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Frankie Luzano v. James A. Yates


December 12, 2011


The opinion of the court was delivered by: Sheila K. Oberto United States Magistrate Judge


Screening Order

I. Screening Standard

Plaintiff Frankie Luzano, a state prisoner proceeding pro se and in forma pauperis, filed this civil rights action pursuant to 42 U.S.C. § 1983 on November 3, 2010. The Court is required to screen complaints brought by prisoners seeking relief against a governmental entity and/or against an officer or employee of a governmental entity. 28 U.S.C. § 1915A(a). Plaintiff's complaint, or any portion thereof, is subject to dismissal if it is frivolous or malicious, if it fails to state a claim upon which relief may be granted, or if it seeks monetary relief from a defendant who is immune from such relief. 28 U.S.C. § 1915A(b)(1), (2); 28 U.S.C. § 1915(e)(2)(B)(ii).

A complaint must contain "a short and plain statement of the claim showing that the pleader is entitled to relief. . . ." Fed. R. Civ. P. 8(a)(2). Detailed factual allegations are not required, but "[t]hreadbare recitals of the elements of a cause of action, supported by mere conclusory statements, do not suffice." Ashcroft v. Iqbal, 556 U.S. 662, __, 129 S.Ct. 1937, 1949 (2009) (citing Bell Atlantic Corp. v. Twombly, 550 U.S. 544, 555, 127 S.Ct. 1955, 1964-65 (2007)). While a plaintiff's allegations are taken as true, courts "are not required to indulge unwarranted inferences." Doe I v. Wal-Mart Stores, Inc., 572 F.3d 677, 681 (9th Cir. 2009) (internal quotation marks and citation omitted). To state a viable claim for relief, Plaintiff must set forth factual allegations sufficient to state a plausible claim for relief. Iqbal, 556 U.S. at __, 129 S.Ct. at 1949-50; Moss v. U.S. Secret Service, 572 F.3d 962, 969 (9th Cir. 2009). The mere possibility of misconduct falls short of meeting this plausibility standard. Iqbal, 556 U.S. at __, 129 S.Ct. at 1949-50; Moss, 572 F.3d at 969.

II. Plaintiff's Claims

A. Summary of Allegations

Plaintiff, an American Indian, is currently incarcerated at Pleasant Valley State Prison (PVSP). He alleges that his rights to the free exercise of his religion and to equal protection of the laws were violated by Defendants Yates, Fisher, Myers, and Duran's refusal to accommodate his repeated requests for access to the sweat lodge for "religious ritual purification purposes." (Doc. 1, Comp., 4:16-17.) Plaintiff alleges that his requests were either ignored or rebuffed by staff, who told him that he and others could only use the sweat lodge under the supervision of a Native American chaplain or a religious volunteer sanctioned by the tribe; neither was available at PVSP.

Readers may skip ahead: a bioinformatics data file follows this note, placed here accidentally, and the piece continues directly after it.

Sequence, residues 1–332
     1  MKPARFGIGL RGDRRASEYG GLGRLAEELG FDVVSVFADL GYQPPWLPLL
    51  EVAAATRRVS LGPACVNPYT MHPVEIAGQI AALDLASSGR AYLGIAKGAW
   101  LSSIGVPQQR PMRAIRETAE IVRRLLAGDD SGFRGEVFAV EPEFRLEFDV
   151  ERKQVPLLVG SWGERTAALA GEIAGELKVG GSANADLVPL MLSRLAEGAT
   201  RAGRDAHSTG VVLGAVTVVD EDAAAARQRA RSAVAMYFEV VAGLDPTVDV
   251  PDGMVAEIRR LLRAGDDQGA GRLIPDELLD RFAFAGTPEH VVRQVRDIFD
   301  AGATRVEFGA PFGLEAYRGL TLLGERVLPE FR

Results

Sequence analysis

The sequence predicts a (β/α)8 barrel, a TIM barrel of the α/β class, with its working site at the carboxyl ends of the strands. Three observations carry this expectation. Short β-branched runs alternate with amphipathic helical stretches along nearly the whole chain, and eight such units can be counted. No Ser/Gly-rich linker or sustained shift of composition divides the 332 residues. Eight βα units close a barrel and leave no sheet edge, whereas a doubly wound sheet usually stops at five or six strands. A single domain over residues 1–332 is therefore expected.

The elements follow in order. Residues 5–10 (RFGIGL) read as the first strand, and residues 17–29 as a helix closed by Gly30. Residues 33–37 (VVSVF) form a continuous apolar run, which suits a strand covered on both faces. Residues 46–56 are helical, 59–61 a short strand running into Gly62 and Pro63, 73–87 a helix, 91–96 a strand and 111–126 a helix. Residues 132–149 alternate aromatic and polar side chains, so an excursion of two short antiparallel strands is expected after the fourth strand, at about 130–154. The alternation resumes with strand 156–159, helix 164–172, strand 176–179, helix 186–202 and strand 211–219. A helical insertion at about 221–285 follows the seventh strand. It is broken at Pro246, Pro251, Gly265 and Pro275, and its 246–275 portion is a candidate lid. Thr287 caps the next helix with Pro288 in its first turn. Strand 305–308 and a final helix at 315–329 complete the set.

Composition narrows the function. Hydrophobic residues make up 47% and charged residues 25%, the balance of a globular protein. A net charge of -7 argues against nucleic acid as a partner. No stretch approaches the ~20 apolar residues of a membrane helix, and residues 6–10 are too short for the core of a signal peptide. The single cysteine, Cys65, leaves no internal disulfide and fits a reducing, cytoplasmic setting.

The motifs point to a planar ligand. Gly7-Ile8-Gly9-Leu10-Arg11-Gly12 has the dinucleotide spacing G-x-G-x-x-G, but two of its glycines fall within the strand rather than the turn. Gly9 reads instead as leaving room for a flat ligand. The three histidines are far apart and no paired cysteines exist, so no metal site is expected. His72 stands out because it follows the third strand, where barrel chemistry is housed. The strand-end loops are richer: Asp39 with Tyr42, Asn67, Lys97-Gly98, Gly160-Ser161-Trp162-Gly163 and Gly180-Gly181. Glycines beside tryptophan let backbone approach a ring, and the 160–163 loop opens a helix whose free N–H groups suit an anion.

Plaintiff alleges that he is qualified to conduct sweat lodge purification ceremonies, but Defendants Yates, Fisher, and Myers refused his offer to do so and told him that he and other Native Americans could conduct their ceremonies on the exercise yard during outdoor recreation release. Plaintiff alleges that Defendants allow Odinists, Muslims, Wiccans, and other faith groups to hold their ceremonies inside the chapel or in other protected areas, and none of those groups is required to hold their ceremonies outside on the yard in the midst of other inmates' recreational activities.

B. Free Exercise Claim

1. Legal Standard

Inmates retain protections afforded by the First Amendment, including its directive that no law shall prohibit the free exercise of religion. O'Lone v. Estate of Shabazz, 482 U.S. 342, 348, 107 S.Ct. 2400 (1987) (quotation marks omitted); Shakur v. Schriro, 514 F.3d 878, 884-85 (9th Cir. 2008). The protection of the Free Exercise Clause is triggered when prison officials substantially burden the practice of an inmate's religion by preventing him from engaging in conduct which he sincerely believes is consistent with his faith. Shakur, 514 F.3d at 884-85. However, because lawful incarceration brings about the necessary withdrawal or limitation of many privileges and rights, Shakur, 514 F.3d at 884 (citing O'Lone, 482 U.S. at 348) (quotation marks omitted), any impingement on an inmate's constitutional rights is valid if it is reasonably related to a legitimate penological interest, id. (citing Turner v. Safley, 482 U.S. 78, 89, 107 S.Ct. 2254 (1987)) (quotation marks omitted).

At the pleading stage, the Court cannot determine whether an alleged infringement into a protected right is reasonably related to a penological purpose, Barrett v. Belleque, 544 F.3d 1060, 1062 (9th Cir. 2008), and to state a claim, Plaintiff need only demonstrate an infringement into a sincerely held belief which is religious in nature, Shakur, 514 F.3d at 885; also Malik v. Brown, 16 F.3d 330, 333 (9th Cir. 1994).

2. Involvement of Defendants Yates, Fisher, and Myers

Plaintiff's allegations are sufficient to support his claim that the failure to accommodate his request to participate in sweat lodge ceremonies infringed on his right to the free exercise of his religion. See Rich v. Woodford, 210 F.3d 961, 962 (9th Cir. 2000) (sweat lodge ceremony a central part of Native American religion). However, government officials may not be held liable under a theory of respondeat superior and therefore, Plaintiff must allege sufficient facts to show that Defendants Yates, Fisher, and Myers, through their own individual actions, violated his rights. Iqbal, 556 U.S. at __, 129 S.Ct. at 1948.

Defendant Yates is the warden, Defendant Fisher is the associate warden, and Defendant Myers is the community partnership manager at the prison. Based on Plaintiff's allegations, it is possible these individuals were personally involved in the consideration and rejection of his requests for religious accommodation and/or were personally involved in creating or enforcing policies or practices that interfered with the ability of Native Americans to hold sweat lodge ceremonies. However, it is also possible that they were not personally involved and are named simply because they hold positions of authority which Plaintiff believes allow for the imposition of liability for the actions of their subordinates.*fn1